All painted a bland tan color, and arranged in a pattern stretching the entire ceiling above the waiting platform from one end to the other. Magically, before your eyes, these reels, having morphed from functional implements into decorations, transform still again into giant question marks. From which studio or film lab did these reels come?
What films USED to be on those reels, and what dare we suspect became of those films as the reels assumed a new func- tion as an art factor? Considering that the average film is S reels long, and the subway ceiling is deco- rated with two thousand reels at least! And breaking to the heart. Four hundred reels, all un-reeled one final time before becoming antiques, arti- facts of a long ago age. We've had film for a hundred years, but digital projection will soon replace film as the new state-of-the-art technology.
No more making up expensive prints, and no more expensive shipping and storage of the films after the commercial playdates have lapsed. Film als will be bounced off satellites to the world's the- aters, and movies will be stored on tiny microchips. Theatrical exhibition will begin to resemble a deluxe version of your home entertainment center. Picture and sound problems in the theater of the future? The manager won't call a projectionist to fix the glitch. Now the snake eats it's own tail: the cycle has come lull circle. Old studio and theater equipment, such as film reels or the clapboard used to keep picture and sound synchronized, will linger as identifiable symbols of past technologies.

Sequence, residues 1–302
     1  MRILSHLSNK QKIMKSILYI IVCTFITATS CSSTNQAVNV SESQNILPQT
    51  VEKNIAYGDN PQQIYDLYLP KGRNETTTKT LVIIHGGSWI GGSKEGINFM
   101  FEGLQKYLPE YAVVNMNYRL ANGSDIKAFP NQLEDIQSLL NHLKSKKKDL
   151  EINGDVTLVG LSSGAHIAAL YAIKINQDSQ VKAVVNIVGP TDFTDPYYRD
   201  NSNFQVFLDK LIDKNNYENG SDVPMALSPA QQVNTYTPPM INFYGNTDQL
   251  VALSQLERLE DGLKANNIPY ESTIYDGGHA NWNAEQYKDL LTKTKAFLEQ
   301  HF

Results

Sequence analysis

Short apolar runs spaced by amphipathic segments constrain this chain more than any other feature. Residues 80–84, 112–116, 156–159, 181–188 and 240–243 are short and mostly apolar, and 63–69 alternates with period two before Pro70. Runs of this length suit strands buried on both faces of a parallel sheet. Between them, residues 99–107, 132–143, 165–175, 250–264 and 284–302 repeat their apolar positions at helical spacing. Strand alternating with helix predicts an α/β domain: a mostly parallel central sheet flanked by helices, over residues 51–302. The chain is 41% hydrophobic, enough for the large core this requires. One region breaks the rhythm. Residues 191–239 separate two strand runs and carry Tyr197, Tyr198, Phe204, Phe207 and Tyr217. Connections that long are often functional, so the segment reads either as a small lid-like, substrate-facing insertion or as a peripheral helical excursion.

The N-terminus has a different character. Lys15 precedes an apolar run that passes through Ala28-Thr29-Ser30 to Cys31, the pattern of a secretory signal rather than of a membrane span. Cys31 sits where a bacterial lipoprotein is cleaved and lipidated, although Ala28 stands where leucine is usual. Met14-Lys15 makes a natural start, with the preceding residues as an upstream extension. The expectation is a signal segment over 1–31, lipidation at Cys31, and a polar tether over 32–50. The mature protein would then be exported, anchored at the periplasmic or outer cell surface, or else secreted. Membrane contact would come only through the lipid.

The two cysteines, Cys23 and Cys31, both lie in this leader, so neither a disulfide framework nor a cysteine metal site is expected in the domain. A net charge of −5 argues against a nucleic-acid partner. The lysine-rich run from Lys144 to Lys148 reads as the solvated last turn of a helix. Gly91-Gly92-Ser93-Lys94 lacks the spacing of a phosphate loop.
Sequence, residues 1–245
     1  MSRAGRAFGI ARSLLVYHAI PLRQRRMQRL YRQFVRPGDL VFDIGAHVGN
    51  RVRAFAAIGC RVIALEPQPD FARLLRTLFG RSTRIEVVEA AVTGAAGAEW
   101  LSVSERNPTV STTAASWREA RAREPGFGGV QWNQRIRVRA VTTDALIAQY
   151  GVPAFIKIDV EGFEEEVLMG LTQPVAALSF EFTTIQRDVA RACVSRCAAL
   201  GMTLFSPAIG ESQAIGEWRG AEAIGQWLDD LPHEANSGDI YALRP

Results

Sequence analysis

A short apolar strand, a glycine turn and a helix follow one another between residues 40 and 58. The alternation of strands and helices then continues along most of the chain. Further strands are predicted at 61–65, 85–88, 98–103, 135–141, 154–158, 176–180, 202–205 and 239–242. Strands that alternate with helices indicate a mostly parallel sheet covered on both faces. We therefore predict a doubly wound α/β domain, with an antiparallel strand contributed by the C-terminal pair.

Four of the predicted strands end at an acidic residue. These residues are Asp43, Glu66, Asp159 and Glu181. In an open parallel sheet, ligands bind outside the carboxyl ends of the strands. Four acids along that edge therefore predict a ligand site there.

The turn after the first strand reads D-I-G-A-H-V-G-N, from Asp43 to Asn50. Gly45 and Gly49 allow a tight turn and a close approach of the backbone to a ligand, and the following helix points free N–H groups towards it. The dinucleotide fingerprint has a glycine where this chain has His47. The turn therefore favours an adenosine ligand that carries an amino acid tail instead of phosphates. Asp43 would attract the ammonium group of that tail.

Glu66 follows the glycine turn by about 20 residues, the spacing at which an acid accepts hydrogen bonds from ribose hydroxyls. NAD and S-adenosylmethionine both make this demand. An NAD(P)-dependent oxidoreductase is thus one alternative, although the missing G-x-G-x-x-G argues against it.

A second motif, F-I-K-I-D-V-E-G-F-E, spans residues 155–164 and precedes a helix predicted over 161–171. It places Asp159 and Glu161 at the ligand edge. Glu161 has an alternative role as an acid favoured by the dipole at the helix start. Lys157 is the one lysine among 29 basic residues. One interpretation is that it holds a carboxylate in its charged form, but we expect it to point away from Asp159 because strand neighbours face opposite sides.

But they'll be as obsolete as the superior? The old Warner Pacific Theater on Hollywood Boulevard, boarded up for near- ly ten years, has been the scene of a lot of activity in recent weeks. Word reaches me and it didn't come via Filmfax. Other chains will be following the same path.
We are assured that every last scrap of film footage will be transferred from motion picture film to this new electronic preservation and pres- entation system. We'll still have the echoes of the past. But film as such will shuffle off to the Vaudeville shows, the Mighty Wurlitzer Pipe Organs, the cent Saturday matinees, the dusk-til-dawn marathons at the drive-ins, and a thousand other delights left curbside on Memory Lane. And a future generation will not know how a change in mere technology can alter the whole nature of the entertainment at hand.
When the rube-tube meets the shop- ping mall multiplex. It's an attraction com- ing soon to every neighborhood near you. And without knowing exactly why. I'm already unhappy about paying to go in and watch a giant video.
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Some people feel the old ways are always the best. It brought back a flood of memories of my first experience with Pal's magic and Rod Taylor's acting. It was indeed a movie going experience I'll never forget And DeChancie's fine article helped bring it back into focus.